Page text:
The Big Hangover

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The Big Hangover
Directed by Norman Krasna
Written by Norman Krasna
Starring Van Johnson
Elizabeth Taylor
Cinematography Joseph Ruttenberg
Distributed by Metro-Goldwyn-Mayer
Release dates
  • May 26, 1950 (1950-05-26) (U.S.)
Running time
82 minutes
Country United States
Language English
Budget $1,026,000[1]
Box office $1,626,000[1]

The Big Hangover is a 1950 comedy film released by MGM. The film starred Van Johnson and Elizabeth Taylor and was written and directed by Norman Krasna. Supporting players include Percy Waram, Fay Holden, Leon Ames, Edgar Buchanan, Selena Royle, Gene Lockhart, and Rosemary DeCamp.[2]

The Big Hangover was one of Elizabeth Taylor's first films to feature her in a "adult character," the first being the 1949 British thriller Conspirator.

Despite being released with high hopes, The Big Hangover was a critical and box-office disappointment. Home video releases are scarce in any format, as the movie remains largely unknown.


Law school student David Maldon is hired by a prominent law firm. At a birthday party for the senior partner, John Belney, his erratic behavior causes Belney's beautiful daughter, Mary, to accuse David of being drunk.

He is not. David suffers from a rare malady, "liquor recoil," causing him to become intoxicated at the mere taste of alcohol. He hallucinates during these episodes, and Mary, a psychoanalyst, is fascinated at the way David even imagines a talking dog.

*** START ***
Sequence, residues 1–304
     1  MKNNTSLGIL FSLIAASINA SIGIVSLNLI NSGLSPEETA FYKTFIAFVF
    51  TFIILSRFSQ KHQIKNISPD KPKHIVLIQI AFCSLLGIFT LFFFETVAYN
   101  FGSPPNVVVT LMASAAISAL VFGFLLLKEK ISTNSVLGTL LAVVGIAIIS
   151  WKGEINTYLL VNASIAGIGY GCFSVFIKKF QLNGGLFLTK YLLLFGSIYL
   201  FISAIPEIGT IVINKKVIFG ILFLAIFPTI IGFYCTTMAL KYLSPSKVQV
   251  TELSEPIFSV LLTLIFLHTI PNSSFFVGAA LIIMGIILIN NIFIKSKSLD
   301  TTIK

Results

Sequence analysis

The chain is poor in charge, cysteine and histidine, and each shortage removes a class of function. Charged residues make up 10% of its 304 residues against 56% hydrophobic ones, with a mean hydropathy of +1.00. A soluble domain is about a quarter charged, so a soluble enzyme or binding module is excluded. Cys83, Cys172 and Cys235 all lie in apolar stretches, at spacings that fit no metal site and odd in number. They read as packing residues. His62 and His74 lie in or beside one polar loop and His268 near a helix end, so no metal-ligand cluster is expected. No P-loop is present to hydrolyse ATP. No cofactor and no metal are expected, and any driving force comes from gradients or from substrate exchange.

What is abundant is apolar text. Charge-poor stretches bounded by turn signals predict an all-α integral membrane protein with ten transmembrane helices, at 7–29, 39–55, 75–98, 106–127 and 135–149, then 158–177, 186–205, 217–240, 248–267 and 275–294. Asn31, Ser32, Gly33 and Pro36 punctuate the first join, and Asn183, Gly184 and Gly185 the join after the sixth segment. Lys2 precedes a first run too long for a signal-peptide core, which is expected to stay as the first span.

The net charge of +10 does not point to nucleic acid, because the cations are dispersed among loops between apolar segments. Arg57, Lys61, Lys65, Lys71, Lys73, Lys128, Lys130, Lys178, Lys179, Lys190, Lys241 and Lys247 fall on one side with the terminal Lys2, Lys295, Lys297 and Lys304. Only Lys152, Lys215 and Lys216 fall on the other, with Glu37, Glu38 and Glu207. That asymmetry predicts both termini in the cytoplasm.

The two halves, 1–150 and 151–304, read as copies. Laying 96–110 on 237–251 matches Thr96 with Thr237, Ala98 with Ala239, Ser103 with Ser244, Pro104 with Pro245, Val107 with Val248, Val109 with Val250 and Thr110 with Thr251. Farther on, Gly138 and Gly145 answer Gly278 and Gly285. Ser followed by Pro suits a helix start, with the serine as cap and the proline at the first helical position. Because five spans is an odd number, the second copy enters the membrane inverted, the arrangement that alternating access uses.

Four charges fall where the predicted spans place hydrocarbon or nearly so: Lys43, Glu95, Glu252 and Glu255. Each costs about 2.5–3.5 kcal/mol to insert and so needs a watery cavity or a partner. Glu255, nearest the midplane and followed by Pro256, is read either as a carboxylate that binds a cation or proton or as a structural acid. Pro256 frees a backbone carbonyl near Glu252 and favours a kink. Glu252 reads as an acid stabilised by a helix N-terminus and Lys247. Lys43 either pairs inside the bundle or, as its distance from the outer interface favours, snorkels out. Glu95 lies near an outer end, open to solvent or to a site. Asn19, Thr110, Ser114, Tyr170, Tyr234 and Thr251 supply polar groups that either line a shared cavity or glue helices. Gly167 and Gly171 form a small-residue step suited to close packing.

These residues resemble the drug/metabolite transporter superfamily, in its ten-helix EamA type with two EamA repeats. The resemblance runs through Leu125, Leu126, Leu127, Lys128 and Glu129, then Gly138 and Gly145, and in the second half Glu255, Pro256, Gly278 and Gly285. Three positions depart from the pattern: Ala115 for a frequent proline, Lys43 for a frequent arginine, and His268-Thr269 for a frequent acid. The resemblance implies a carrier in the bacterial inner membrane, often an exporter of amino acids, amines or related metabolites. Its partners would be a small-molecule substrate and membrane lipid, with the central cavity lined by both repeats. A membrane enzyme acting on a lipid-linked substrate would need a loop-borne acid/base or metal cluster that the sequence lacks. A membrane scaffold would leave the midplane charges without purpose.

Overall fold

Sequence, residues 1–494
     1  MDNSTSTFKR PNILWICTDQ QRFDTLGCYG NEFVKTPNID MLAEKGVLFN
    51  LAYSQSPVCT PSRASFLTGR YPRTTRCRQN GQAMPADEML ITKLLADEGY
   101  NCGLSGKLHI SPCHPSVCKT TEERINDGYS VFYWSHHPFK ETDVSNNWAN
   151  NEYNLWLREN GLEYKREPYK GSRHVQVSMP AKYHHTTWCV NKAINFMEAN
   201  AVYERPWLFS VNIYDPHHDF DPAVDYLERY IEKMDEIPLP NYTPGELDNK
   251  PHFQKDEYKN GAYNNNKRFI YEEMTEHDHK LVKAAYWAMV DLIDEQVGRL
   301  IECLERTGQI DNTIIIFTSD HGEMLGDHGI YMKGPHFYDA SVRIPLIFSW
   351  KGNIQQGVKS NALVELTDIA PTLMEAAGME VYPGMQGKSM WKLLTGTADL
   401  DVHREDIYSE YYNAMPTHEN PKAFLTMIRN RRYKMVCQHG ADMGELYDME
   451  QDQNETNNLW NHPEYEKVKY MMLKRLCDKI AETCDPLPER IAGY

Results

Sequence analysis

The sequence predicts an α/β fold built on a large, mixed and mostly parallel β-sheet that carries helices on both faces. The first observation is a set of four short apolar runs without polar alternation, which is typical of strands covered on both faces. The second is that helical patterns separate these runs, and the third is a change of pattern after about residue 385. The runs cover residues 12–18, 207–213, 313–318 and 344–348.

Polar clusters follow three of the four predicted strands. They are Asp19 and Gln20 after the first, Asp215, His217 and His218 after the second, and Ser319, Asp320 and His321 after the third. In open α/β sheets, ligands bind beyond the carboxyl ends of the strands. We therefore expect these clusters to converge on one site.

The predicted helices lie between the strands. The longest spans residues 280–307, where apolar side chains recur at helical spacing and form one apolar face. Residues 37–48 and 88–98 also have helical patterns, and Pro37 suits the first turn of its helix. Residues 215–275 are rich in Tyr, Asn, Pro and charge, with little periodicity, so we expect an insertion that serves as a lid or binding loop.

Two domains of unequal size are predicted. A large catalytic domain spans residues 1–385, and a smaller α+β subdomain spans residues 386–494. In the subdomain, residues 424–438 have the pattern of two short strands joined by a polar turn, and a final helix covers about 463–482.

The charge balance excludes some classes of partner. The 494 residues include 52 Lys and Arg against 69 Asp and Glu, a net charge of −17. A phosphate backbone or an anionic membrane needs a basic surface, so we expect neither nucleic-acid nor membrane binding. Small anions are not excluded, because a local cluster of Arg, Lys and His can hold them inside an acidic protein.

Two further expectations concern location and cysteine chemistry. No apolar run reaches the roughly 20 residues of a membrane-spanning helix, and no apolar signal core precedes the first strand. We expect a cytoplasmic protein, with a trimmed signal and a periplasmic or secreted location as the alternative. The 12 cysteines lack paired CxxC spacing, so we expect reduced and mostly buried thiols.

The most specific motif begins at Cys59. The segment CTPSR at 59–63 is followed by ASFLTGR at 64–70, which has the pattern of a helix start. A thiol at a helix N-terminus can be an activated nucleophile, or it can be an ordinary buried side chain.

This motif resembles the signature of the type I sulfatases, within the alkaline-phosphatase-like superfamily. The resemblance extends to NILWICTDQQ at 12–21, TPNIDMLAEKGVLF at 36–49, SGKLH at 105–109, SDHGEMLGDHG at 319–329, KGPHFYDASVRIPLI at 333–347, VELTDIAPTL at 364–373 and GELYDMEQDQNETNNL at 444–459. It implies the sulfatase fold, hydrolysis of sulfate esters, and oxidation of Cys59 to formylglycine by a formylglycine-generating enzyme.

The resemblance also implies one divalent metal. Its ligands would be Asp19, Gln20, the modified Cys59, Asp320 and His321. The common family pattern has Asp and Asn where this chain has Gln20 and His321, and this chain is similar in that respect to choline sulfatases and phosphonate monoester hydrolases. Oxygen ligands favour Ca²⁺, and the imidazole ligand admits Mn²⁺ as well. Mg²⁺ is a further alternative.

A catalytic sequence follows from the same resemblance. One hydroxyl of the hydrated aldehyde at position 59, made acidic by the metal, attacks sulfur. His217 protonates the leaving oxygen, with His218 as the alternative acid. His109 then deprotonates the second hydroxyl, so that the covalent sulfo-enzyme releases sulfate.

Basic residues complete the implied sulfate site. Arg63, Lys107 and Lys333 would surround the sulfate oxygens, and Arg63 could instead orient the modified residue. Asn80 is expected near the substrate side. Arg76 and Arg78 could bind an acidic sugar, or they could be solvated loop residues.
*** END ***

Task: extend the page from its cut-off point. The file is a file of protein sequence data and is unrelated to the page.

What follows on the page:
City attorney Carl Bellcap is threatening a lawsuit against the firm over the eviction of a Chinese family from its home. David intervenes, saving the day, but firm partner Charles Parkford had been responsible for the eviction and is now livid. Parkford slips wine into David's soup, then enjoys watching the younger man make a public spectacle of himself.

At law school graduation, David surprises his colleagues by submitting his resignation, deciding to work instead for Bellcap and the city. Mary hates to see him leave the family firm, but respects David's values and has also fallen in love.



According to MGM records the film made $1,320,000 in the US and Canada and $306,000 overseas, leading to a profit of $25,000.[1]


  1. ^ a b c The Eddie Mannix Ledger, Los Angeles: Margaret Herrick Library, Center for Motion Picture Study .
  2. ^ The Big Hangover at the American Film Institute Catalog.

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